American Association for Cancer Research
10780432ccr191625-sup-222466_2_supp_6023690_q4tx2g.pdf (514.35 kB)

Supplementary Figure 1 from Gefitinib and Afatinib Show Potential Efficacy for Fanconi Anemia–Related Head and Neck Cancer

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journal contribution
posted on 2023-03-31, 21:11 authored by Helena Montanuy, Águeda Martínez-Barriocanal, José Antonio Casado, Llorenç Rovirosa, Maria José Ramírez, Rocío Nieto, Carlos Carrascoso-Rubio, Pau Riera, Alan González, Enrique Lerma, Adriana Lasa, Jordi Carreras-Puigvert, Thomas Helleday, Juan A. Bueren, Diego Arango, Jordi Minguillón, Jordi Surrallés

Figure S1. Additional data from high content screening and validation


Spanish Ministry of Economy and Competitiveness

European Commission

Spanish Ministry for Economy and Competitiveness

Asociación Española contra el Cáncer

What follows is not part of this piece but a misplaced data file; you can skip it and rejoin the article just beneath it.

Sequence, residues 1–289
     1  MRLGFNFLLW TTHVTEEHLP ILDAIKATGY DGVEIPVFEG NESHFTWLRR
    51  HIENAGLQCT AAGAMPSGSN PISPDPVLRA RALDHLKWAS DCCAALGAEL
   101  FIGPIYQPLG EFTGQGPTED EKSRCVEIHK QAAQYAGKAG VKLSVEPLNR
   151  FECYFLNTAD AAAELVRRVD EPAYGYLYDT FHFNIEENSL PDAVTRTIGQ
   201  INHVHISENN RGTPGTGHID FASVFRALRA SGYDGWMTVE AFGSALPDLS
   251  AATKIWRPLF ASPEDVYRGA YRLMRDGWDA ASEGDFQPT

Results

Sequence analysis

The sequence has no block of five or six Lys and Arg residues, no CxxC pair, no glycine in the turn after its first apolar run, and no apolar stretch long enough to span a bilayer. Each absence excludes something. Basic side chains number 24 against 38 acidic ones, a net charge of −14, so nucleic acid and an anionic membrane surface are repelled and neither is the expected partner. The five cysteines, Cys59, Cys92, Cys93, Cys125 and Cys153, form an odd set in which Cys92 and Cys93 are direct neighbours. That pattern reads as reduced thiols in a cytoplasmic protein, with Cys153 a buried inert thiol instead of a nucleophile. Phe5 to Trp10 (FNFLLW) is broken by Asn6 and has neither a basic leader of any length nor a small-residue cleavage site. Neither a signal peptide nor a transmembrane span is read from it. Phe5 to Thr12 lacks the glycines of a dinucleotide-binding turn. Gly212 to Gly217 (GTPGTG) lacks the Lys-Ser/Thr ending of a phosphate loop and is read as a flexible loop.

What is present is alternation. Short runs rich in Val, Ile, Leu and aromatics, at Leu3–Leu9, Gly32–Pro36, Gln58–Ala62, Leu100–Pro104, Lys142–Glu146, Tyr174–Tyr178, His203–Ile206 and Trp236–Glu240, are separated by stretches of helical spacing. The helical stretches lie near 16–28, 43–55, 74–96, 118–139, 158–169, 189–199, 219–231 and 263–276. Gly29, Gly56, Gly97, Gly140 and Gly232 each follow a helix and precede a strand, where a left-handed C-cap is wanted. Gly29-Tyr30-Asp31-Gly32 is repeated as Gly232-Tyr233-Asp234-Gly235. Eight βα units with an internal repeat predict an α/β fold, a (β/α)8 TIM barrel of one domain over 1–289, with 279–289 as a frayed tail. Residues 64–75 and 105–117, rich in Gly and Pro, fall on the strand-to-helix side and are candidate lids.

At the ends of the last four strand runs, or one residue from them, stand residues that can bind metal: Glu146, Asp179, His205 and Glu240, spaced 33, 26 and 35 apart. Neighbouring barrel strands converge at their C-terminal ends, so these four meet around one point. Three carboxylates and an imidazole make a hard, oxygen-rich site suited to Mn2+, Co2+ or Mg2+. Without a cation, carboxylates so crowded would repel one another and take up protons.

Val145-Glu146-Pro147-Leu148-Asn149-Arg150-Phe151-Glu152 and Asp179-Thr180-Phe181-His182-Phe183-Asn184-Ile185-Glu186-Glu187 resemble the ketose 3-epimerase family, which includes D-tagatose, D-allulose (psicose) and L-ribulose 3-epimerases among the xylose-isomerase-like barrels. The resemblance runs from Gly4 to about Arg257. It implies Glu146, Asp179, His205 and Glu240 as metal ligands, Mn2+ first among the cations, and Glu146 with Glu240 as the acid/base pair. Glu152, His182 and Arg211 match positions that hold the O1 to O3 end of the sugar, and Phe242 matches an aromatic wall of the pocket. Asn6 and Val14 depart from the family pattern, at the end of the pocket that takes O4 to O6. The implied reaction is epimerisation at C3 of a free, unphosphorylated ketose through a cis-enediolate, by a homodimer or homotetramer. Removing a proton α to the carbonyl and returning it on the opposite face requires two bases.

Fanconi anemia rare disease is characterized by bone marrow failure and a high predisposition to solid tumors, especially head and neck squamous cell carcinoma (HNSCC). Patients with Fanconi anemia with HNSCC are not eligible for conventional therapies due to high toxicity in healthy cells, predominantly hematotoxicity, and the only treatment currently available is surgical resection. In this work, we searched and validated two already approved drugs as new potential therapies for HNSCC in patients with Fanconi anemia. We conducted a high-content screening of 3,802 drugs in a FANCA-deficient tumor cell line to identify nongenotoxic drugs with cytotoxic/cytostatic activity. The best candidates were further studied in vitro and in vivo for efficacy and safety. Several FDA/European Medicines Agency (EMA)-approved anticancer drugs showed cancer-specific lethality or cell growth inhibition in Fanconi anemia HNSCC cell lines. The two best candidates, gefitinib and afatinib, EGFR inhibitors approved for non–small cell lung cancer (NSCLC), displayed nontumor/tumor IC50 ratios of approximately 400 and approximately 100 times, respectively. Neither gefitinib nor afatinib activated the Fanconi anemia signaling pathway or induced chromosomal fragility in Fanconi anemia cell lines. Importantly, both drugs inhibited tumor growth in xenograft experiments in immunodeficient mice using two Fanconi anemia patient–derived HNSCCs. Finally, in vivo toxicity studies in Fanca-deficient mice showed that administration of gefitinib or afatinib was well-tolerated, displayed manageable side effects, no toxicity to bone marrow progenitors, and did not alter any hematologic parameters. Our data present a complete preclinical analysis and promising therapeutic line of the first FDA/EMA-approved anticancer drugs exerting cancer-specific toxicity for HNSCC in patients with Fanconi anemia.

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